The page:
So, what the heck is in the shiny alligator briefcase?
That essential question lingers over much — too much — of the running time of "Operation Fortune: Ruse de Guerre," Guy Ritchie's stylish but ultimately frustratingly half-baked spy caper. Everyone wants the $10 billion contents of the briefcase, but we don't know exactly who's selling, who's buying and most importantly, what's in there.
Not to stretch a metaphor, but this shiny case rather ends up becoming one for the movie itself: made of the finest materials — for example, crowd-pleasing cast members Aubrey Plaza and Hugh Grant — and hinting at sophistication and panache, while ending up as something of a head-scratcher.
Of course, for some, especially fans of Jason Statham, it will likely be enough just watching this Ritchie favorite practice his well-honed talent for hand-to-hand combat, casually dispatching a cascade of bad guys in leather jackets as the titular Orson Fortune, a perpetually annoyed, phobia-plagued, expensive wine-loving private contractor.
But it seems that Ritchie, who both co-wrote and directed, is going for something more sophisticated here. The first hint: That title. Perhaps you weren't familiar with the French term "ruse de guerre"? Well, it signifies a ruse of war, or stratagem of war, or plan or scheme … exactly what Fortune and his team need to counter the shady arms dealers, tech moguls and familiar rivals all seeking to recover The Handle, which is what they call that elusive thing everyone's fighting over.
We begin with Nathan (Cary Elwes), posh and pretty annoyed himself. The head of a covert spy agency, Nathan has been summoned by the government in London (why the graphics team felt it was necessary to specify "London, ENGLAND" is not clear) to head up a team. Why, he asks, is official intelligence not handling this? "Ah, ruse de guerre, Nathan" he's told — meaning this job needs an extra je-ne-sais-quoi.
Enter Fortune (Statham), who's vacationing in Morocco when he's told he has about two minutes to accept his new mission.
He's given two helpers, or "footmen": Sarah (Plaza) and J.J. (Bugzy Malone). The latter is good with weapons, and Sarah is a tech whiz, seemingly able to hack into anything. The ever watchable Plaza, with her trademark flat delivery and expertly doled out sass, is a highlight of this cast, in the only substantial female role. Like most of the characters, though, hers is barely fleshed out. It's also unfortunate that she's called upon to be sexy and seductive, as if this is simply the lot of any woman in an action thriller. Can't we just have a talented female tech wizard?
In any case, the team's initial target is billionaire arms dealer Greg Simmonds (Grant, reuniting with Ritchie from "The Gentlemen"), who is brokering the deal. Before they show up at his glittering charity event in Cannes, though, their luxury jet makes a detour to Hollywood, to pick up their "invitation": Danny Francesco, an action movie star that Simmonds is obsessed with.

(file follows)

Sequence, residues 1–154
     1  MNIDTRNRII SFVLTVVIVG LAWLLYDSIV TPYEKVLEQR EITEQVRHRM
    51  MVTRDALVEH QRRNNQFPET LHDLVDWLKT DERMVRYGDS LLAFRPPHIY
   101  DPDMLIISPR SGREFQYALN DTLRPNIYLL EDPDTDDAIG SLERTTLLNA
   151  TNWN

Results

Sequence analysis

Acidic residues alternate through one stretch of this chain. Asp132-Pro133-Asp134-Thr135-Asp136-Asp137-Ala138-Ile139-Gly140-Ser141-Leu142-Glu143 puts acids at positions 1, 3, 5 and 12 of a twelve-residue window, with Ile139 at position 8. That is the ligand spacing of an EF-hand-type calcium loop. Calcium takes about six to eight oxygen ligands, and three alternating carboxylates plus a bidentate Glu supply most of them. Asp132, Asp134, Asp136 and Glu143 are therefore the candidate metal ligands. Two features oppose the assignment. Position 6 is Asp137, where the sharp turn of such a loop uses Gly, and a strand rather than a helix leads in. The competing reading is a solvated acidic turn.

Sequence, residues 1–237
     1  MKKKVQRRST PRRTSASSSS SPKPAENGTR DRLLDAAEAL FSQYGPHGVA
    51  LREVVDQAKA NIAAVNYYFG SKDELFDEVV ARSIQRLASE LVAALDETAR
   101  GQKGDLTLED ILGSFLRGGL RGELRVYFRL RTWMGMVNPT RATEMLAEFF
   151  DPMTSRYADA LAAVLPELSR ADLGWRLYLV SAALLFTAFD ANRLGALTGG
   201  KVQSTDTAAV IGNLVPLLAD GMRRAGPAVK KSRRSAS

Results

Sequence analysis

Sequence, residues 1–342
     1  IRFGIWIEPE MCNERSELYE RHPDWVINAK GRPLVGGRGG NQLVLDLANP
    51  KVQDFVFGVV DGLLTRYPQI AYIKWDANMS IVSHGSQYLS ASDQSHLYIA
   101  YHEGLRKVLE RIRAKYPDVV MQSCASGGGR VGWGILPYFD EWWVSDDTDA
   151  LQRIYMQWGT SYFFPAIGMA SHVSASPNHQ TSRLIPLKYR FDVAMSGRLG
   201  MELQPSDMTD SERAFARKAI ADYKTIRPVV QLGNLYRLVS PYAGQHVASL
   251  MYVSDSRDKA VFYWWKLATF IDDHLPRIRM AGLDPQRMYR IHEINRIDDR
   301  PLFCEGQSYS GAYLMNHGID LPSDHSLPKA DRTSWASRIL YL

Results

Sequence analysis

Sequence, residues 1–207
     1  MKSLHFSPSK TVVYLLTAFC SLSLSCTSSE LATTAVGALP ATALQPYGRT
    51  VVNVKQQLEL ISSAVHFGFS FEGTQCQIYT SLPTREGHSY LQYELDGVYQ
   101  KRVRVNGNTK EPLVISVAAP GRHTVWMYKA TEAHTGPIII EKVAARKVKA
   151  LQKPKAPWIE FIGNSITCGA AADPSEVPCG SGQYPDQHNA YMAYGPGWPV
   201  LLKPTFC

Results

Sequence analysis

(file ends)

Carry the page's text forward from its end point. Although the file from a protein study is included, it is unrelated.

Danny is a willing accomplice — well, not really, but he's blackmailed with compromising information about his sex life. His job is to "play" himself and befriend Simmonds so the team can get to the dealer's phone. Orson will play Danny's manager, and Sarah the girlfriend — a convenient reason to get Plaza dolled up in a series of slinky outfits with up-to-there slits. "You're an actor. Act!" she orders Danny (a sweetly amusing Josh Hartnett).
Grant is, as usual, a lively presence, especially as a villain — a role he's come to relish in recent years. Alas, though the actor is obviously having loads of fun, he's been given funnier and/or more villainous material in other roles (he's nowhere near as menacing as he was, for example, as the doctor in "The Undoing"). His cockney arms dealer is yet another half-realized character, but Grant in any character role is still a winning proposition.
It's an odd paradox that this movie feels both high-minded and also at times frustratingly pedestrian. Speaking of paradoxes, Plaza's Sarah has a funny moment where she soulfully tells a minion of Simmonds, admiring the art collection he's curated, that "I'm interested in the paradox of dualistic motivation." She's just making it up, killing time, but the line, like that sleek briefcase, seems emblematic of a movie that aspires to sophistication yet in the end, doesn't yield too much substance.
"Operation Fortune: Ruse de Guerre," a Lionsgate release, has been rated R by the Motion Picture Association of America "for language and violence." Running time: 114 minutes. Two stars out of four.
MPAA definition of R: Restricted. Under 17 requires accompanying parent or adult guardian.